lefttoright HMMs and are hardly mentioned in this book. Having said that we stress that the computational tools for both classes of HMMs are virtually the same. There are also a number of generalizations of HMMs which we do not consider. In Markov random ﬁelds, as used in image processing applica tions, the Markov chain is replaced by a graph of dependency which may be represented as a twodimensional regular lattice. The numerical techniques that can be used for inference in hidden Markov random ﬁelds are similar to some of the methods studied in this book but the statistical side is very diﬀer ent. Bayesian networks are even more general since the dependency structure is allowed to take any form represented by a (directed or undirected) graph. We do not consider Bayesian networks in their generality although some of the concepts developed in the Bayesian networks literature (the graph repre sentation, the sumproduct algorithm) are used. Continuoustime HMMs may also be seen as a further generalization of the models considered in this book. Some of these “continuoustime HMMs”, and in particular partially observed diﬀusion models used in mathematical ﬁnance, have recently received consid erable attention. We however decided this topic to be outside the range of the book; furthermore, the stochastic calculus tools needed for studying these continuoustime models are not appropriate for our purpose. We acknowledge the help of St´ephane Boucheron, Randal Douc, Gersende Fort, Elisabeth Gassiat, Christian P. Robert, and Philippe Soulier, who par ticipated in the writing of the text and contributed the two chapters that compose Part III (see next page for details of the contributions). We are also indebted to them for suggesting various forms of improvement in the nota tions, layout, etc., as well as helping us track typos and errors. We thank Fran¸cois Le Gland and Catherine Matias for participating in the early stages of this book project. We are grateful to Christophe Andrieu, Søren Asmussen, Arnaud Doucet, Hans K¨unsch, Steve Levinson, Ya’acov Ritov and Mike Tit terington, who provided various helpful inputs and comments. Finally, we thank John Kimmel of Springer for his support and enduring patience.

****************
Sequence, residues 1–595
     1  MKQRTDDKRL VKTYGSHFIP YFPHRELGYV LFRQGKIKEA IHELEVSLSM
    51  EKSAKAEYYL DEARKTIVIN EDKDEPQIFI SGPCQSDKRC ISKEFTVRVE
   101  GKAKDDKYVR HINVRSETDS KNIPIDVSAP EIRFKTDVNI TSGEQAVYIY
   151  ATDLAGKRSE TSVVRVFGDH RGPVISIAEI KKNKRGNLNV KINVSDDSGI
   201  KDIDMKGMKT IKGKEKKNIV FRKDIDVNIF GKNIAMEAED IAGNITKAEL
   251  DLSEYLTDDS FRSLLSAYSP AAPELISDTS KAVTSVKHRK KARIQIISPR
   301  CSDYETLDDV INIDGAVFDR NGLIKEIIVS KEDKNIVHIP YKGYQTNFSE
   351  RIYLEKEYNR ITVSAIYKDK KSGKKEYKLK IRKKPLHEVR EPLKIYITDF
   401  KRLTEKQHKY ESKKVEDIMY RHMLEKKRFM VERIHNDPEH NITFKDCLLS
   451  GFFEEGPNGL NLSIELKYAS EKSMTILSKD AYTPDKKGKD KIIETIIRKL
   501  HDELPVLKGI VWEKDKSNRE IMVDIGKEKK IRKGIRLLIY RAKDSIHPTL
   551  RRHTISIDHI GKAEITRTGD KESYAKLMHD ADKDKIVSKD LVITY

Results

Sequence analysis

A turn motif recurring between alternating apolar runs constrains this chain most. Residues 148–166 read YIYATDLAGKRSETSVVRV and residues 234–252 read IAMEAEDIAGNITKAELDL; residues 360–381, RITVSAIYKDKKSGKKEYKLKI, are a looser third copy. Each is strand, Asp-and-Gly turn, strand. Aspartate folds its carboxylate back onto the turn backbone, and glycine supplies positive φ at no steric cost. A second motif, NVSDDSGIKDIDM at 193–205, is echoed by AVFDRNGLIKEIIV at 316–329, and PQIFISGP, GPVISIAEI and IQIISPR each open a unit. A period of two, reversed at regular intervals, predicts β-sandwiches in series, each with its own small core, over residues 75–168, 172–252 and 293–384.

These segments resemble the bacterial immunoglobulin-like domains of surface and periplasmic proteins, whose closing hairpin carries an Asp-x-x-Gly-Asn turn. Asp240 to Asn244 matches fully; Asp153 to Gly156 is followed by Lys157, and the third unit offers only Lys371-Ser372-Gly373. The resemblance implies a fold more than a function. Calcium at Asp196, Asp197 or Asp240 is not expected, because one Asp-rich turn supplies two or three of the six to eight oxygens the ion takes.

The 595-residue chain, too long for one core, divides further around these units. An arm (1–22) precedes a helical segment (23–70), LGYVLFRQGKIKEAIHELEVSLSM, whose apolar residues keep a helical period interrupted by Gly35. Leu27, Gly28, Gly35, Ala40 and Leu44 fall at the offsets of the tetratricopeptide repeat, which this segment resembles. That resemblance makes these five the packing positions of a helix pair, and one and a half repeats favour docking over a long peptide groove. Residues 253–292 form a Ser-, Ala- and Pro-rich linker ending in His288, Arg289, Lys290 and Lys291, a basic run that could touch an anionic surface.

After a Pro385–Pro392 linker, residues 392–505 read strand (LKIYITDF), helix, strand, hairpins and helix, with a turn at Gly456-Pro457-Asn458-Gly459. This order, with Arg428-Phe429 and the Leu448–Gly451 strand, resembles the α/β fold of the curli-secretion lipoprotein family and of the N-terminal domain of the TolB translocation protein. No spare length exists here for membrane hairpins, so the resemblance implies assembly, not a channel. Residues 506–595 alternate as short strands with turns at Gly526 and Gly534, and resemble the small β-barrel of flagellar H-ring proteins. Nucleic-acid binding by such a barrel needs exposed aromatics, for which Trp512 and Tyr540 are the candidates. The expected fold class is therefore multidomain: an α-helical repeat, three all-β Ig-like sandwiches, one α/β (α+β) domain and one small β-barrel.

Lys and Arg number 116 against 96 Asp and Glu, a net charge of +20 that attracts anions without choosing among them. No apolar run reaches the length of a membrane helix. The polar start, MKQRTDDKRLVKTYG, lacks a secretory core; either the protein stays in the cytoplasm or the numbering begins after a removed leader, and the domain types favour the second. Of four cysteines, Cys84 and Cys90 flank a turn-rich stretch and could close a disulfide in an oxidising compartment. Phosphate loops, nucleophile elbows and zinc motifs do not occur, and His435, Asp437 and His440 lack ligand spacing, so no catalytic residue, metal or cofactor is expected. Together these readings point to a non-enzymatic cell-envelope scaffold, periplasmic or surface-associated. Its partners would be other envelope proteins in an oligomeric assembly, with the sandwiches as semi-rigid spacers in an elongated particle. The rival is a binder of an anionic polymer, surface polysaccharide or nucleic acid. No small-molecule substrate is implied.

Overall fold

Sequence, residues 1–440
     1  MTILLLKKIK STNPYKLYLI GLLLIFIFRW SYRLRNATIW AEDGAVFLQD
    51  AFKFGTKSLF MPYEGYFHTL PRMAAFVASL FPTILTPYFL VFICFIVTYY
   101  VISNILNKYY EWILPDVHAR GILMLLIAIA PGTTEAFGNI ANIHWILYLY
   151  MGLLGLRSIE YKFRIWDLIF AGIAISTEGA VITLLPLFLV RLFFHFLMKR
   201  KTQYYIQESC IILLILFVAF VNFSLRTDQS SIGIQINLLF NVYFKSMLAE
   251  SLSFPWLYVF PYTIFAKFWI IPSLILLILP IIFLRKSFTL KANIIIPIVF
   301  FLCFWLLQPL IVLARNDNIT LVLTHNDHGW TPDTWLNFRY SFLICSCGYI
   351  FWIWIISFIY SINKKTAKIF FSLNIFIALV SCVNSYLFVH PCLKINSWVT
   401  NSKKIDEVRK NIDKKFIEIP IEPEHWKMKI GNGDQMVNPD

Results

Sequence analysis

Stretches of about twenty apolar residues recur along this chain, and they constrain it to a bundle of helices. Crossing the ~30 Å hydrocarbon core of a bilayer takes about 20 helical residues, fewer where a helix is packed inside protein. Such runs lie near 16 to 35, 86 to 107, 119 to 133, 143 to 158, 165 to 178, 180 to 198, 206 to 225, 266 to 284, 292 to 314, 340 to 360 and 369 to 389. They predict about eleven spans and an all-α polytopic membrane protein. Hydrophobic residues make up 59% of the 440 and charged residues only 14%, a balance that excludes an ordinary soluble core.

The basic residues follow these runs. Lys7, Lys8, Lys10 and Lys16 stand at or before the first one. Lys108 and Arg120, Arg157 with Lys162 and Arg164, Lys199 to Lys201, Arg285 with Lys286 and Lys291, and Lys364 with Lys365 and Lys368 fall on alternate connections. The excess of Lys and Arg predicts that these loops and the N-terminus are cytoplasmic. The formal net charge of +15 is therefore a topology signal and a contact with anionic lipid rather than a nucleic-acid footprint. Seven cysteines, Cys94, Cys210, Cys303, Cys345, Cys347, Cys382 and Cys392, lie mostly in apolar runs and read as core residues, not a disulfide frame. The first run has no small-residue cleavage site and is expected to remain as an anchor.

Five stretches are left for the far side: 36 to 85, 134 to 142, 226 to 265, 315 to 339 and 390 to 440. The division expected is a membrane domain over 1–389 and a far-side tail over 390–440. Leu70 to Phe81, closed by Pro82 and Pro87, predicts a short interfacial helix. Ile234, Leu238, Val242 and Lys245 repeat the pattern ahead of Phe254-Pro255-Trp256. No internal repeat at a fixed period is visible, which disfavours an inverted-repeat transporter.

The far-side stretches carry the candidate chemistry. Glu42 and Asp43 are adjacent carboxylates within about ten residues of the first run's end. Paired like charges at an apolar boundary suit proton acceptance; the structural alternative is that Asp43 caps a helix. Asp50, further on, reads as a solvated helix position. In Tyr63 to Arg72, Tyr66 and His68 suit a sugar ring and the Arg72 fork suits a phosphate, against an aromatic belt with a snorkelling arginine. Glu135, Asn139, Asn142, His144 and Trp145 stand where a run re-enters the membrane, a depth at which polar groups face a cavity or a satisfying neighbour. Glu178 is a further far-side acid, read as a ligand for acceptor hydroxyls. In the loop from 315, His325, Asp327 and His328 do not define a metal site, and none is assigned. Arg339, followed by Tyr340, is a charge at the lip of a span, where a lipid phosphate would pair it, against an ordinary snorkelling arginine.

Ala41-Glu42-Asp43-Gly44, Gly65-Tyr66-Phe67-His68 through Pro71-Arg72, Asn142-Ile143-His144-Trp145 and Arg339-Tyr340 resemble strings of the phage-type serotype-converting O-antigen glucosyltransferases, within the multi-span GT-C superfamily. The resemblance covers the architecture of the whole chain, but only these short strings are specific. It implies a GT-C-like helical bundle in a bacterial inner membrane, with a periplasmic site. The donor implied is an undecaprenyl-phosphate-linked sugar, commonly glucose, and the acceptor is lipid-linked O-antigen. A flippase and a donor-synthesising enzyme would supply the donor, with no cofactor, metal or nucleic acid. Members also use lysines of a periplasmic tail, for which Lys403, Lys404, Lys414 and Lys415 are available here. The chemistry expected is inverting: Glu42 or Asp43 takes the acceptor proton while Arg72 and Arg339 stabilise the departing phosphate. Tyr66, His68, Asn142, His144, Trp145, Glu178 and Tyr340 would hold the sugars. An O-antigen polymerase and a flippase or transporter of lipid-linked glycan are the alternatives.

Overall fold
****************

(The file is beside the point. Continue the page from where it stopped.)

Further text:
Paris, France 
Olivier Capp´e 
& Lund, Sweden 
Eric Moulines 
March 2005 
Tobias Ryd´en 
Contributors
We are grateful to
Randal Douc Ecole Polytechnique Christian P. Robert CREST INSEE & Universit´e ParisDauphine
for their contributions to Chapters 9 (Randal) and 6, 7, and 13 (Christian) as well as for their help in proofreading these and other parts of the book
Chapter 14 was written by
Gersende Fort CNRS & LMCIMAG Philippe Soulier Universit´e ParisNanterre
with Eric Moulines
Chapter 15 was written by
St´ephane Boucheron Universit´e Paris VIIDenis Diderot Elisabeth Gassiat Universit´e d’Orsay, ParisSud
Contents
Preface 
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V 
Contributors 
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1 Introduction 
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1 

1.1 What Is a Hidden Markov Model? 
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1.2 Beyond Hidden Markov Models 
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1.3 Examples . 
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1.3.1 Finite Hidden 
Markov Models 
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1.3.2 Normal Hidden Markov Models 
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1.3.3 Gaussian Linear StateSpace Models 
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1.3.4 Conditionally Gaussian Linear StateSpace Models 
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1.3.5 General (Continuous) StateSpace HMMs 
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1.3.6 Switching Processes with Markov 
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1.4 LefttoRight and Ergodic Hidden Markov Models